The result ..the president came to her office and expressed his disconsent she expressed her concerns AND she is pretty much being ostrasized by everyone in the office. EX. she walked into the conference room today and everyone was having lunch together and she was not invited. She is humiliated and has asked my advice as to how to react.

She told her immediate supervisor she was not happy about the change and when asked by the supervisor if she needed to go to the president about this daughter said "no" and that she would work it out. Also she was accused of keeping a key (since then) which the president had all along.......and today the computers went down and one of her colleagues stated mmout loud ...."It must have been Chels' (my daughter) fault. She has never been given a chance to explain her side,

She is humiliated that she has been labeled as greedy for speaking up against going from hr. to salary because of the after hour workload.........she is very uncomfortable around the colleagues who up until last week have been very supportive as she adjusted to this new position.

My can she cope, how should she respond to the ostraization, should she try to clear this between she and her supervisor and the president ?

My question is what can she do to BEST cope mentally and emotionally

Customer: replied 6 years ago.
Could a mental health expert look at the question I sent on 9/21/ll at 8:39 am and send advice? Thank you , judy
Judy- I replied before. Do you want me to follow up or get a second opinion?
Customer: replied 6 years ago.
I understood and appreciate your answert. I sent the next question (trying to get through to you) because of how she was treated by the others when she returned to work. That info and question was sent 9/21 at about 8:30 am. Basically she nis being ostrasized by her colleagues ( ex. all had lunch ....excluding her ), being accused of losing a key....that the president had in his possession. She just needs to know how to best get tthru these moments and how to regain respect. She is humiliated ....but does not feel she did wrong by questioining what her counterpart caused. She would not treat others as she is being treated and is not accustomed to this interaction. What should she do until this, hopefully , blows over ? Thank you
Hi Judy. I am sorry so long. We don't keep regular hours or days. I try to check in every day, sometimes just not possible.
THis sounds like a small, private company.
I think she will have to exercise considerable patience and tongue biting, should she wish to stay there. It sounds like her 24 yr/old colleage is being "rallied around" and probably bad-mouthing daughter. If she wants to fix this, let her actions, not words, speak. Do her job under the new rules and perhaps even comment that it is working out better than she thought.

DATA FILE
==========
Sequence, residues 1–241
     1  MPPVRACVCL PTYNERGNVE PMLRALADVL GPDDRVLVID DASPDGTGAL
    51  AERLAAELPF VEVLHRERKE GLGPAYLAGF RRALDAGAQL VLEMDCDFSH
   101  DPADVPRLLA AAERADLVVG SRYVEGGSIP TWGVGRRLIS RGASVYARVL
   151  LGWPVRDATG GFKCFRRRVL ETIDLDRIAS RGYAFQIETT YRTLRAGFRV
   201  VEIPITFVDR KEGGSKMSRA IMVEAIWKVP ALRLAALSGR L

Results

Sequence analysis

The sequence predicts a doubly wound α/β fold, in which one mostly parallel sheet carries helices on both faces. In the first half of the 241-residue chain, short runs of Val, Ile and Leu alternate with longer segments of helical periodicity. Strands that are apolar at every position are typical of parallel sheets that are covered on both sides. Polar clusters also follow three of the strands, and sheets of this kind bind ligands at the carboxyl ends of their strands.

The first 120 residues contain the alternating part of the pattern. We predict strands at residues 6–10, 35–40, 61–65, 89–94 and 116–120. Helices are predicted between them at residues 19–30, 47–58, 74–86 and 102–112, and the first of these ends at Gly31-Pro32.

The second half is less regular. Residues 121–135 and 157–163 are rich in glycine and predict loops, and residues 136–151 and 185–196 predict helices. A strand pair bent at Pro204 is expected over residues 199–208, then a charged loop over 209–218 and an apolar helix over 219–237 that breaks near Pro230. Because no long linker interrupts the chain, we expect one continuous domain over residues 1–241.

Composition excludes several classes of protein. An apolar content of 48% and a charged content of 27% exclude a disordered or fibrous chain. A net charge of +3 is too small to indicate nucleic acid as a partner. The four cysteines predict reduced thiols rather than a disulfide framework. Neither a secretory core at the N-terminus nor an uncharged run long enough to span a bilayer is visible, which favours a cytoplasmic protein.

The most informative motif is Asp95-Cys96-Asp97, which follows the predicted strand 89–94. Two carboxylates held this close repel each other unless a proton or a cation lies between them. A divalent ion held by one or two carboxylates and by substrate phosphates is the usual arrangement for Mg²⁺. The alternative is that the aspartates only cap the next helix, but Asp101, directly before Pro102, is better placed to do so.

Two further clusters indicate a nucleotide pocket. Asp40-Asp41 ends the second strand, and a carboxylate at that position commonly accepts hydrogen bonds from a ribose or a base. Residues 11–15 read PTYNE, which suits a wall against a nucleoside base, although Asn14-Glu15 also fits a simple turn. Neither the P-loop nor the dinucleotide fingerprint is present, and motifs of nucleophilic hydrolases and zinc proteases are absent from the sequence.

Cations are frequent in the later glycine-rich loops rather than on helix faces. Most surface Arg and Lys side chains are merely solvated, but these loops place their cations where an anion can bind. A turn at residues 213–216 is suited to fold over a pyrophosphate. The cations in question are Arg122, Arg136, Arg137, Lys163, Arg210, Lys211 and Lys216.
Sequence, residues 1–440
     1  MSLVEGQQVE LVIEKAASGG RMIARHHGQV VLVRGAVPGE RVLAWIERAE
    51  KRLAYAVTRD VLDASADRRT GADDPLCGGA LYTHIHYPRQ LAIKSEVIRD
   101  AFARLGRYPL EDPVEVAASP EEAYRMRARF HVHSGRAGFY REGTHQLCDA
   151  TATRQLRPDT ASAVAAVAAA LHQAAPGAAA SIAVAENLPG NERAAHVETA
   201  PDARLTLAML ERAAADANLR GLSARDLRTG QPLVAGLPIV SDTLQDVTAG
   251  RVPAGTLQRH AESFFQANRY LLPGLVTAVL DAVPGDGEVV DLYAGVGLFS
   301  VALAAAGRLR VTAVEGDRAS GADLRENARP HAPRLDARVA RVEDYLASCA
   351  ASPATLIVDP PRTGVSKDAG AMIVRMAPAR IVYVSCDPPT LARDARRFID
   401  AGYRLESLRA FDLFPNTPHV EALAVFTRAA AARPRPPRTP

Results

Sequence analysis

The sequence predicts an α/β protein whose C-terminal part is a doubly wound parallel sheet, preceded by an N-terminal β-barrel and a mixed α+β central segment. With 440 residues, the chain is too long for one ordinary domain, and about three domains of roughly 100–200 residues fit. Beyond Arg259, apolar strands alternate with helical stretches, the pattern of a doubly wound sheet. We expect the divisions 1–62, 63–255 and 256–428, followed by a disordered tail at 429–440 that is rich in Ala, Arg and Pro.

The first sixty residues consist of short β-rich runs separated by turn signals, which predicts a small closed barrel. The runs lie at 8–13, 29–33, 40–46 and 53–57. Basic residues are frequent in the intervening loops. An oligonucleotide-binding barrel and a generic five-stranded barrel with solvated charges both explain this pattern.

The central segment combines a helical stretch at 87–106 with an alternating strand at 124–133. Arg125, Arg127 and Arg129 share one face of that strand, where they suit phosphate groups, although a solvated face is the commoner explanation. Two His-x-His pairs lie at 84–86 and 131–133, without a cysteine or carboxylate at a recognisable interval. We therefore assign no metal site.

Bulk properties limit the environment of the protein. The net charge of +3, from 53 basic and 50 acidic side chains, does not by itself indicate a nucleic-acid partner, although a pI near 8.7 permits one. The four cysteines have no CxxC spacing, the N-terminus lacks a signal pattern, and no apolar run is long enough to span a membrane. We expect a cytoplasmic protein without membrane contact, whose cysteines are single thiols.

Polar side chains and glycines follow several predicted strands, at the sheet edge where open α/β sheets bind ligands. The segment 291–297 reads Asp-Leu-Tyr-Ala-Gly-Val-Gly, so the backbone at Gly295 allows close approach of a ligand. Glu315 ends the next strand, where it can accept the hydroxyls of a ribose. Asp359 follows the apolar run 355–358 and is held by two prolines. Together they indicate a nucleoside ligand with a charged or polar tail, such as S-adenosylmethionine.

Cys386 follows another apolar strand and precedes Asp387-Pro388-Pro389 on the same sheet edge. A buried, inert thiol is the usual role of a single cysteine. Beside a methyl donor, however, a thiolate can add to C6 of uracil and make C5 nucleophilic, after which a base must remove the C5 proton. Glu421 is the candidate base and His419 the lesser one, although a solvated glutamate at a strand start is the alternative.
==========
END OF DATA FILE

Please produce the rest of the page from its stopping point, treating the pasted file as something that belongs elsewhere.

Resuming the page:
To be clear, she did no wrong, and morally, legally, I am totally with her. Workplaces are social groups and and can be nasty and unfair. I think she right about the exempt issue. But if she ostracized, being right won't matter.
If she can, she needs to focus on work and work only and not be concerned about others being left out of lunch and other outings.
Just work and hope another crisis distracts from this soon
If it doesn't blow over, perhaps going to president is OK to discuss what mis-understanding occured. After all, she has accepted this, not refused the change.
I think she is being sabatoged a bit --- it happens everywhere.
Point of fact - The State and National Labor Relations Boards have rules about what is hourly and what is exempt. She may want to become familiar with these rules before to speaking to president, so she can just say she was just wondering about the rules in her questioning.

Hopefully, she just needs to drop issue and be team player and show her value.

I have had many jobs when I came home and said, Thank God I get paid for this. She may have to put her social concerns about coworkers aside a while and realize she is there for money, not friendship.

I can only hope this blows over soon for her sake. Sadly, regardless this will be a lesson in how ugly workplaces can become. Again, no need for humiliation, the other people are being jerks and are likely legally wrong. She cannot control whether or not they will "let her back into the cliche".

If you need anything more specific, let me know.